Copyright  2000, 2013 Harry Marnell  Photos by author unless otherwise noted

Humboldt County, California

New! 1970's Alton & Pacific Flyer, from Karl Symons

New! More "Snug Harbor" Info, before and after its days at Alton

Other North Coast train pages...

"Confusion Hill" Mountain Train, just over the Mendocino County line
(if you want to see, hear and feel steel wheels on steel rails, you have to leave Humboldt County... but just barely)
Northwestern Pacific in Eureka... the "Balloon Track" and old depot area
My Miscellaneous stuff page about the NWP
New Address: Northwestern Pacific Railroad Historical Society
The North Coast Railroad Authority's Website


In September of 2000, Wolf Sterling rode and photographed the "Skunk Train" in Mendocino County.   Across from the depot in Willits he noticed this weathered old sign advertising something called the "Alton-Pacific Steam Railroad."  Returning home, he posted an inquiry on the internet, "I've looked around, but I can find no reference to this line anywhere else.  Does anyone know anything about it?"  I knew where it had been, but I knew nothing else about it.  So I drove down to Highway 36 near Fortuna, and I took a few pictures.

Wolf Sterling Photo

Obviously it had been a tourist attraction, a little train ride in a forest setting.  But when had it run, and who had built it?  Had it used real train cars or miniatures?  Steam locomotives, perhaps?  So I put together a small webpage with some of the pictures below, and inquired of some railfans and groups, and a few long-time Humboldt residents, "Does anybody know anything about this place?"  Well, within hours I found out that a LOT of people knew about it, and were willing...even share their knowledge and their memories.  I thank you all, including those quoted below, those who haven't been specifically quoted, and, especially Larry Buerer, Tom Cockle and Titia and Wes Fulton, and of course, Frank Bayliss.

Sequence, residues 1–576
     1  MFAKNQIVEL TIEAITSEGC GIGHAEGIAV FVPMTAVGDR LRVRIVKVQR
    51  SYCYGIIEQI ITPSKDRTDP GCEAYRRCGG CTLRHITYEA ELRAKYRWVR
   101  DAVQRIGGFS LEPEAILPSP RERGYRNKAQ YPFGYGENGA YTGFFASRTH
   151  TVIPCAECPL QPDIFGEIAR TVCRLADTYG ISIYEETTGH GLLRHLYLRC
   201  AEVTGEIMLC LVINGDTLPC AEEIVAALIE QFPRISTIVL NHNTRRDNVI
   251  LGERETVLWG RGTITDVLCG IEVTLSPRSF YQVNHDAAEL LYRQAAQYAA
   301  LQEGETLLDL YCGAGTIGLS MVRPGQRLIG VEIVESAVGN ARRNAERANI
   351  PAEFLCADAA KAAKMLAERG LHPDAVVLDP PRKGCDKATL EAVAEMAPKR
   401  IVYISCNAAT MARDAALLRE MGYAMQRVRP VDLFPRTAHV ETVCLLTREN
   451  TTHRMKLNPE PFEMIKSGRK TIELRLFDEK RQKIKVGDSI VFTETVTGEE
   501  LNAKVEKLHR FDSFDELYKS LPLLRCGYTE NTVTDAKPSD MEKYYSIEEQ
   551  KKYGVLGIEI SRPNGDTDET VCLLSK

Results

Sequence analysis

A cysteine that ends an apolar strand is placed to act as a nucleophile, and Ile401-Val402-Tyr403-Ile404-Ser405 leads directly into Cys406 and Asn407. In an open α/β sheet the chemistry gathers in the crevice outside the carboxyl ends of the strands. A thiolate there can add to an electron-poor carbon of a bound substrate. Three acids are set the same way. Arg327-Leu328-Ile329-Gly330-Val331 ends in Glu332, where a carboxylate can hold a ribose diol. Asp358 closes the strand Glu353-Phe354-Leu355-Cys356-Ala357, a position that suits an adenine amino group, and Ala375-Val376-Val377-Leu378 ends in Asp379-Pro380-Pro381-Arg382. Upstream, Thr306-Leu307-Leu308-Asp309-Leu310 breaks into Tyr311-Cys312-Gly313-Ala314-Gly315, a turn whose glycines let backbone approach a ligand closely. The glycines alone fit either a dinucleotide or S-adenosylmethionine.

This page remains very much "under construction," and I hope to continue getting more information on here from time to time.  So enjoy...and check back soon!

If you have any information or memories to share about the Alton & Pacific, please email me

The Alton & Pacific was a 24" gauge steam railroad operated from 1968 until 1989 by Frank Bayliss, a Los Angeles native and lifelong railfan.  In his younger years he tried to get hired on by the railroads, but it never quite happened.  So he did himself one better...he built and ran his own railroad for some twenty years.


The main power was #5, a 1935 German-built Orenstein & Koppel (not Koeppel, apparently) 0-4-0t locomotive, which was one of a dozen such locomotives brought to the U.S. after World War II.  Bayliss did alter the cab a bit to make it look more "American," by moving the door to face the rear rather than the side, but the trumpet-shaped cast iron smokestack was original.  Frank built the tender himself, and kept it piled high with local fir, pine and eucalyptus for the fire.

Postcard view of #5. Wes Fulton Collection


With a little help from his many friends, Bayliss built all the cars for the two trains that ran on the 3/4 mile loop around the former mill property, a passenger and a freight.    For the passenger train there was a "combine" and an observation car, painted bright orange with black trim.  Sometimes all the passengers would migrate back to the outside rear platform, which was considerably behind the rear axle, and the weight would cause the front of the car to raise up...and derail.

Taking on water at the end of a run.

Wes Fulton photo


About 1974, Titia Fulton snapped this picture of the combination coach-baggage car